The listing for the upcoming Pixel 7 Pro shows the same mix of two Cortex-X1 cores, two Cortex-A76 cores and four Cortex-A55 cores as the first generation, but with marginally faster clock speeds of between 50 and 100MHz. This minor boost, plus the introduction of the 4nm fabrication process results in a score that’s about 10% faster than the Pixel 6 in multi-core tests, with a barely perceptible single-core improvement.
All this, combined with the 4nm process node that’s used for the chip, contribute to a ~10% multi-core performance enhancement with a negligible single-core change. pic.twitter.com/lSLlpwHP1USeptember 16, 2022
That may sound underwhelming, but there are a few reasons to be very optimistic indeed.
Not only is this based on pre-release hardware that could yet be optimized but, as Wojciechowski points out, sticking with tried-and-tested architecture with a slight improvement could be a boon to battery life and might give the Pixel 7 Pro the best phone battery life.
“The current trend in Arm cores is improving the performance at the cost of worse efficiency and high power use,” he tweeted. “By keeping the older cores Google avoids getting those characteristics.”
Thanks to the improved 4LPE process, the chip gets more thermal headroom and efficiency to run at higher frequencies. The first gen Tensor rarely ran tasks on the Cortex-X1 cores because of how much power they used, now it might be considerably better.September 16, 2022
That could be significant, as Pixel 6 battery life proved extremely disappointing in our tests, clocking in at around the eight-hour mark for both the regular and Pro models. That was around two hours behind the Samsung Galaxy S21 and two-and-a-half hours shy of the standard iPhone 13. Any boost there would be very welcome indeed.
Plus, while Geekbench’s CPU scores only show a modest advance, all the signs point to significantly stronger GPU performance. Wojciechowski writes that Google has switched from the Mali-G78 to the Mali-G710 which, if Arm’s projections are correct, should offer a 20% boost to games, a similar uplift in efficiency and a massive 35% improvement to machine learning.
“Google runs a huge part of their Google Camera pipeline on the GPU on their Tensor devices,” Wojciechowski writes. “It will certainly improve that considerably, as well as make the new Pixels way better at gaming.”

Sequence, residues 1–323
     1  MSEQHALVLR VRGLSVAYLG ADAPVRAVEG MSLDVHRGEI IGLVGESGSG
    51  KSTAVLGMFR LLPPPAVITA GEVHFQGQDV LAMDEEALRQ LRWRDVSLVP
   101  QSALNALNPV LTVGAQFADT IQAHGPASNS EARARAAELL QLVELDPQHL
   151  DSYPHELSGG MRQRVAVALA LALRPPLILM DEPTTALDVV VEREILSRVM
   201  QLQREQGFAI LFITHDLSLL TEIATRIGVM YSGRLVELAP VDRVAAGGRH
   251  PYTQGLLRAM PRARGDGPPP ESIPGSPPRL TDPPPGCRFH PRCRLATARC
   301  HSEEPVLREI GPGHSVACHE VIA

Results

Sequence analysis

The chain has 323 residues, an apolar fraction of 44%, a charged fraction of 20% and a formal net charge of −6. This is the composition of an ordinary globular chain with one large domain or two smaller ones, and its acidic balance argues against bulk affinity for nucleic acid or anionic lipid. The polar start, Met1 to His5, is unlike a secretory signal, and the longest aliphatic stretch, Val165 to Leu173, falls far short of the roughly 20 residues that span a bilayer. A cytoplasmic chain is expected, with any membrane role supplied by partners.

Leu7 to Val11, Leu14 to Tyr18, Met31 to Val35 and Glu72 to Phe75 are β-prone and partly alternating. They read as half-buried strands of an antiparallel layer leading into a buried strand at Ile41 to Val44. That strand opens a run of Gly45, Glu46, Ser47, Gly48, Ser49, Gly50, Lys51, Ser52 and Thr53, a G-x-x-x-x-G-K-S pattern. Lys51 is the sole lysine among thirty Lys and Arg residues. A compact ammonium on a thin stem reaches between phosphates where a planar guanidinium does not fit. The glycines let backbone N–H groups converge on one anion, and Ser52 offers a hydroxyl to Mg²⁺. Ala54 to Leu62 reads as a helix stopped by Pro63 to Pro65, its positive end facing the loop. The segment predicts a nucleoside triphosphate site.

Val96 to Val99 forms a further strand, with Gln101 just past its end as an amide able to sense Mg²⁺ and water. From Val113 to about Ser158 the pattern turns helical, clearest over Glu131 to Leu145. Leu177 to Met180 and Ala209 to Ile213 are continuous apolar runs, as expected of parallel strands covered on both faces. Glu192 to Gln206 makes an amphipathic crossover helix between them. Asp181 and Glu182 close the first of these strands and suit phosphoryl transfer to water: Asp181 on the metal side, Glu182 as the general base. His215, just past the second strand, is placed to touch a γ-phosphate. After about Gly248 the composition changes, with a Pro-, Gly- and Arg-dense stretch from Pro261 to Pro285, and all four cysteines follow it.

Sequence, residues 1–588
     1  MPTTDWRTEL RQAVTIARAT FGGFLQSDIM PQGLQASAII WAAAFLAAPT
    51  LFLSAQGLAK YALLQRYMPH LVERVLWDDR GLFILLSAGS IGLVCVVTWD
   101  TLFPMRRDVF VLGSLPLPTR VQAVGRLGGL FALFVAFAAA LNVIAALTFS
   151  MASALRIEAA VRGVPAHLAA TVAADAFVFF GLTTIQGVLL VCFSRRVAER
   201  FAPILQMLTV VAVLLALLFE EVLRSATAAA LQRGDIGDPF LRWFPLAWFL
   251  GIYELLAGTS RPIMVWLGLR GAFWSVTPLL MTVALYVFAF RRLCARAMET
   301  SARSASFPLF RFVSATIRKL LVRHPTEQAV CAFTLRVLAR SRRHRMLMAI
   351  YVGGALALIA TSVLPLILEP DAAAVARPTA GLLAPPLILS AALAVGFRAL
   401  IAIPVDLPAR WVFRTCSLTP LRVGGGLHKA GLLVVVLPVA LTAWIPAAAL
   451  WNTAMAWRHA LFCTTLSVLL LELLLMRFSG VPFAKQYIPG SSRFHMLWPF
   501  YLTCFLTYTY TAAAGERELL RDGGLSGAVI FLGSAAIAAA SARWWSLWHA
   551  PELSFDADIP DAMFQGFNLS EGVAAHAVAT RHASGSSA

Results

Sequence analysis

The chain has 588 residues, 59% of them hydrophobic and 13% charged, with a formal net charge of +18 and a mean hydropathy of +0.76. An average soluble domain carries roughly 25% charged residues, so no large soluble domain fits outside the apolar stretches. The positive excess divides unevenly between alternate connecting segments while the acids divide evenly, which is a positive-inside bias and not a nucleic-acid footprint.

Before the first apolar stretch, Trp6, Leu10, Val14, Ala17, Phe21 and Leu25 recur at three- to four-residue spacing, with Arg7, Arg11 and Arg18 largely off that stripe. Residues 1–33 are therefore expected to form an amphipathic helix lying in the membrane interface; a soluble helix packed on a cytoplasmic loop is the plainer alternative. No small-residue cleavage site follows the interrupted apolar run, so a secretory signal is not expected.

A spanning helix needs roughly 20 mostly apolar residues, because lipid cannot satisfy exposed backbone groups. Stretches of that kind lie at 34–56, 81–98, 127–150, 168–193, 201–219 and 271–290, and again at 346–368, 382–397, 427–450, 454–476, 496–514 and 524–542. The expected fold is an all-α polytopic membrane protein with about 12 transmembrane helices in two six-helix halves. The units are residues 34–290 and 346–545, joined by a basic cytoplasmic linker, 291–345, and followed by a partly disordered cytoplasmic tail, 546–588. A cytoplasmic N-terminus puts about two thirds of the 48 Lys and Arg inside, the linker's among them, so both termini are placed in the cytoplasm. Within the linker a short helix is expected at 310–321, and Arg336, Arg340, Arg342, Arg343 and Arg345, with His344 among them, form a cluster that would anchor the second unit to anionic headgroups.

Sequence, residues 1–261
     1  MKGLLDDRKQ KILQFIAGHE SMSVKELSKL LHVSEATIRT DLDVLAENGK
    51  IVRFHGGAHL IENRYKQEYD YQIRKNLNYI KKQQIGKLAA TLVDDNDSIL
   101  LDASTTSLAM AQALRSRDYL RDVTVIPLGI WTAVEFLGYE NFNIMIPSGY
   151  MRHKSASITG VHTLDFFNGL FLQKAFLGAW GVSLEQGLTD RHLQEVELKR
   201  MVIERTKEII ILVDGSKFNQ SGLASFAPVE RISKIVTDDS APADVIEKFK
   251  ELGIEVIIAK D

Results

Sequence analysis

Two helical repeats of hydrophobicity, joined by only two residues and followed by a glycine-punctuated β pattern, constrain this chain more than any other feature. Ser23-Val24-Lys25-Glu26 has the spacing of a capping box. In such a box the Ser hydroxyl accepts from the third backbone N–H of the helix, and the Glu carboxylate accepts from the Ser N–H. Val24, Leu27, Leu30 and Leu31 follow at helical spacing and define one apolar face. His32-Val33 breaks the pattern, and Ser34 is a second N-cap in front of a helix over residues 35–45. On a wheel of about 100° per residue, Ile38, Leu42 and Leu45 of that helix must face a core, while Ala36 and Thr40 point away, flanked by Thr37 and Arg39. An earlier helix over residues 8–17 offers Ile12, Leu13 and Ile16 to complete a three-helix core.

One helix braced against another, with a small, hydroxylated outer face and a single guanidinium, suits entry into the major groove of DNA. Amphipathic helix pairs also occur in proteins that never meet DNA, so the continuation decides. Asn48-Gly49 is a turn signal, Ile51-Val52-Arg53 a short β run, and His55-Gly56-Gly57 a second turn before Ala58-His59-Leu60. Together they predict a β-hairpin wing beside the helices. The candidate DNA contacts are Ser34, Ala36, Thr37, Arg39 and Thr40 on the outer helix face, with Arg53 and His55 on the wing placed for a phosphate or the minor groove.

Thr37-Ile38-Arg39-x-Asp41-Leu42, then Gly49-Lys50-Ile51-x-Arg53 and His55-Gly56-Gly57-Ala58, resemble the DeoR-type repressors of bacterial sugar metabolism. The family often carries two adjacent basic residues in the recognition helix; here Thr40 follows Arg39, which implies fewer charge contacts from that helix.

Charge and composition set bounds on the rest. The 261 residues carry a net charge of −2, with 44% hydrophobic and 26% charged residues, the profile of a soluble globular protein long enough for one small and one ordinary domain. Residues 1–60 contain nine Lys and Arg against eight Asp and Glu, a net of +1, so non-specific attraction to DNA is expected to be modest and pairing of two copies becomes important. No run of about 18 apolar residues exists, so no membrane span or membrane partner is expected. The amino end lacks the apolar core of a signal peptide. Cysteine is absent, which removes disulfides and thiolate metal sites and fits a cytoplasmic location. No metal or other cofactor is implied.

Google runs a huge part of their Google Camera pipeline on the GPU on their Tensor devices. It will certainly improve that considerably, as well as make the new Pixels way better at gaming.September 16, 2022
While Wojciechowski cautions that Geekbench listings can be spoofed, he states his belief that this one is legitimate due to details that only a keen-eyed developer would spot.
The build ID is also unique - TD1A.220609.002. xD1A IDs mean the branch is “device”-specific. Each year Google uses a branch like that for their new Pixels. No other device on Geekbench currently has a TD1A ID.September 16, 2022
We’ll find out soon enough. Google has an event to unveil its new flagship smartphones, as well as the brand new Pixel Watch, on October 6. If the company can boost performance in the way suggested here while keeping pricing competitive, Google could well have a winner and one of the best Android phones on its hands.
Get the BEST of Tom’s Guide daily right in your inbox: Sign up now!
Upgrade your life with the Tom’s Guide newsletter. Subscribe now for a daily dose of the biggest tech news, lifestyle hacks and hottest deals. Elevate your everyday with our curated analysis and be the first to know about cutting-edge gadgets.
Freelance contributor Alan has been writing about tech for over a decade, covering phones, drones and everything in between. Previously Deputy Editor of tech site Alphr, his words are found all over the web and in the occasional magazine too. When not weighing up the pros and cons of the latest smartwatch, you'll probably find him tackling his ever-growing games backlog. Or, more likely, playing Spelunky for the millionth time.